Snow Leopard (Panthera uncia)

I have always loved cats, and have been particularly fascinated by big cats. It’s hard to pick which of the big cats is my favourite — one day it will be cheetahs, another jaguars, and so on. I think I should stop trying to pick a favourite and just admit that I love them all. That certainly goes for today’s animal, the beautiful and reclusive snow leopard.

A note before I begin: the term ‘big cat’ is used a lot, and means different things. It is often used to refer to the cat species that can roar, which are tigers, lions, jaguars, and leopards (which, along with the snow leopard, make up the genus Panthera). Some people include other species in the definition, such as snow leopards, pumas, clouded leopards, and cheetahs. That’s how I use the term, so now you won’t be confused.

Snow leopards don’t usually come into contact with people, partly because they live in one of the most forbidding habitats on Earth. They are found in Central Asia, in high altitude mountain ranges. This of course includes the Himalayas, but also extends into Bhutan, Nepal, and Russia, Kazakhstan, Kyrgyzstan, Tajikistan, Uzbekistan, Pakistan and Afghanistan, as well as Mongolia. They prefer areas with steep and rocky terrain. Snow leopards are usually found between altitudes of 3,000 and 4,500 meters, but can move to lower altitudes to follow their prey during the winter.

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A map of the range of the snow leopard. Image source: Wikipedia

Snow leopards are certainly big, but they are not as quite as large as the other Panthera cats. They range in size from 75 to 150 cm in length, and weigh between 27 and 55 kg. Snow leopards have grey or creamy-yellow coats, that are covered in black spots and rosettes. They have beautiful blue-green or aqua eyes.

Mountains are cold, especially really, really high ones. So snow leopards have find a way to stay warm. Snow leopards have stocky bodies, thick fur, and small, rounded ears, all of which help prevent heat loss (ears are an excellent way to lose heat, which is why desert animals have such big ones). Their tails are used to store fat, and have extra-thick fur on them. When the cats get cold, they can wrap their tails around themselves like a blanket and stay warm.

Snow_Leopard_in_Ladakh(_Photo_by_Tashi_Lonchay)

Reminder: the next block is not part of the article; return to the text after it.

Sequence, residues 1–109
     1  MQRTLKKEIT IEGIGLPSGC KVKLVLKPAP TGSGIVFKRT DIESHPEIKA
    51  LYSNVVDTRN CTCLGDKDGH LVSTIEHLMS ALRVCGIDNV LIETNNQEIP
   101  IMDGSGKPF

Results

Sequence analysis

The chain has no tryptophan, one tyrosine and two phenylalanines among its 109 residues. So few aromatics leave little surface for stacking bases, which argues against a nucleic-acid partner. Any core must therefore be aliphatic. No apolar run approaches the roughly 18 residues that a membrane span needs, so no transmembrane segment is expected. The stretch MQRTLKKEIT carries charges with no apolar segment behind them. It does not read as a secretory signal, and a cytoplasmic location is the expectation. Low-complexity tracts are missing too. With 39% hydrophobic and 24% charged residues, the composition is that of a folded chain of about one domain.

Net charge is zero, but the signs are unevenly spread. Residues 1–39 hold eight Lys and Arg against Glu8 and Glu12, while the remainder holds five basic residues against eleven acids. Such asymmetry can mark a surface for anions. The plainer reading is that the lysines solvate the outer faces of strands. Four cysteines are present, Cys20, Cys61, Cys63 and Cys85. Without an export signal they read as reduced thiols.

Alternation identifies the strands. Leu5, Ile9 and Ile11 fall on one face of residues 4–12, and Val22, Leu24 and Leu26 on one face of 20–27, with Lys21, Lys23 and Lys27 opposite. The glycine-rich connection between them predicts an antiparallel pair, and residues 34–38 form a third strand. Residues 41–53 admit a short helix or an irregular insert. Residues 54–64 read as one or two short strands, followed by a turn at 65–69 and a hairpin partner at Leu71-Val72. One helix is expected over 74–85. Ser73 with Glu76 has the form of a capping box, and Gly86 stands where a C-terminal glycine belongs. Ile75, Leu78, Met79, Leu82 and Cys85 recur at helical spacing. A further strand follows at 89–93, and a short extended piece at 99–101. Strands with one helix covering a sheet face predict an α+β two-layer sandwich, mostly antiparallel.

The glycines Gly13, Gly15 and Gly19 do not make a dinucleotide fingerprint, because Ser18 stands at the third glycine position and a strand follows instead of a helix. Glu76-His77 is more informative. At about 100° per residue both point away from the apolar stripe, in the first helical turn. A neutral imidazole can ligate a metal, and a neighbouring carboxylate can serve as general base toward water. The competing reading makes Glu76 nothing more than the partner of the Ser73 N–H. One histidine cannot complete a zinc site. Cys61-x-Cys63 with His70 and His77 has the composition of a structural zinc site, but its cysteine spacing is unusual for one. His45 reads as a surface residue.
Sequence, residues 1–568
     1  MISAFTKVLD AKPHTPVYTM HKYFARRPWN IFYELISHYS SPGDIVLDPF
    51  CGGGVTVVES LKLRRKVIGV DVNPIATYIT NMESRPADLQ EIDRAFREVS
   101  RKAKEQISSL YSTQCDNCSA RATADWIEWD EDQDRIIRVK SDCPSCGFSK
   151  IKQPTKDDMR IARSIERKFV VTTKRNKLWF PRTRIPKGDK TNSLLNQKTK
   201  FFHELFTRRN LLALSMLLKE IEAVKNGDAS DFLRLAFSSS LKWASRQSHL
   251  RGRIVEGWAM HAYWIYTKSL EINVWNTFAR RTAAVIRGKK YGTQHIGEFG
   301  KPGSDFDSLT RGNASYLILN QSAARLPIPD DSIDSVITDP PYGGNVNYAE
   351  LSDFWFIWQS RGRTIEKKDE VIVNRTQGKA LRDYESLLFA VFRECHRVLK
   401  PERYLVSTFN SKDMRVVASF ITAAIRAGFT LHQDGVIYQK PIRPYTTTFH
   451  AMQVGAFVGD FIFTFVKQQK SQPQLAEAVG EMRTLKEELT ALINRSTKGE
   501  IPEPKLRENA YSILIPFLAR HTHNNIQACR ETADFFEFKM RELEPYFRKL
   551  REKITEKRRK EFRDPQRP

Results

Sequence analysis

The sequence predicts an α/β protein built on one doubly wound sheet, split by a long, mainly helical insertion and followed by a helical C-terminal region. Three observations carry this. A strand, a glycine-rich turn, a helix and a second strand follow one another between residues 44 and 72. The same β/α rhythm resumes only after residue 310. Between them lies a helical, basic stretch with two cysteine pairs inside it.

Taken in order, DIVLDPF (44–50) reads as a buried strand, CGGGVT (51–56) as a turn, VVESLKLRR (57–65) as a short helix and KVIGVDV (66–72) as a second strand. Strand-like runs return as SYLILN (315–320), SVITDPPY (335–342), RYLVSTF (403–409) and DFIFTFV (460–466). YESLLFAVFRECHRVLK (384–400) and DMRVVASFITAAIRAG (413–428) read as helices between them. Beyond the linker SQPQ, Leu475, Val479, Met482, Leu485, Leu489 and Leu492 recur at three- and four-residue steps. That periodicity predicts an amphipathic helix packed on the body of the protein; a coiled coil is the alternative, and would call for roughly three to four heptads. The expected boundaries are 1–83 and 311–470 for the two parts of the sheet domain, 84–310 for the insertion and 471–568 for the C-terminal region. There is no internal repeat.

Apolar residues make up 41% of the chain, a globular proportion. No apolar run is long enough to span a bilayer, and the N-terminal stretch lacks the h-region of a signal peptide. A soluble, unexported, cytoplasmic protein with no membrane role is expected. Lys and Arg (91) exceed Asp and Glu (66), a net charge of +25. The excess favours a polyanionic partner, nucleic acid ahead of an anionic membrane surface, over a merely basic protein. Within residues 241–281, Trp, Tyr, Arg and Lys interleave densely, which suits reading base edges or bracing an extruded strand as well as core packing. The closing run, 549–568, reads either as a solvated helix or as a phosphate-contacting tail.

Snow leopards blend into their habitats extremely well. Image credit: Tashi Lonchay via Wikipedia

Cold isn’t the only treacherous aspect of alpine habitats. The mountains that snow leopards live in are steep, rocky, and often covered in deep snow. The air is cold and thin and difficult to breathe. Snow leopards have a number of ways of meeting these challenges. Their tails are long, reaching 80 to 100 cm in length, which is the longest relative to body size of any cat except the marbled cat and the domestic cat. These super long tails help the leopards balance on the rocky slopes. They also have wide paws, which help them walk on snow. Their back legs are long, which helps them jump and move with agility across rough terrain. Snow leopards posses large nasal cavities, to help them breathe in mountain air.

Snow leopards are pretty much hermits, living in the mountains and avoiding contact with others. They are solitary and secretive animals, coming together only to mate. This occurs in winter, from January to March. Female snow leopards announce their readiness to mate by yowling loudly to the mountains. If a male shows up, females further entice him by walking in front of him with their tails raised. If all goes well, mating ensues.

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Look how cute these little guys are!!!! Image credit: Dingopup via Wikipedia

After a gestation of 90 to 100 days, female snow leopards give birth to one to five cubs (usually two or three) in April and June. The cubs are born in a cave or crevice, with shed fur from their mom lining the den. The cubs are able to walk at five weeks of age, and are weaned at ten weeks. They stay with their mothers long after this, however, and are entirely dependent on her for food, protection, and learning for the first year of their lives.

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My drawing of a snow leopard, done in pencil crayon and a brush and ink.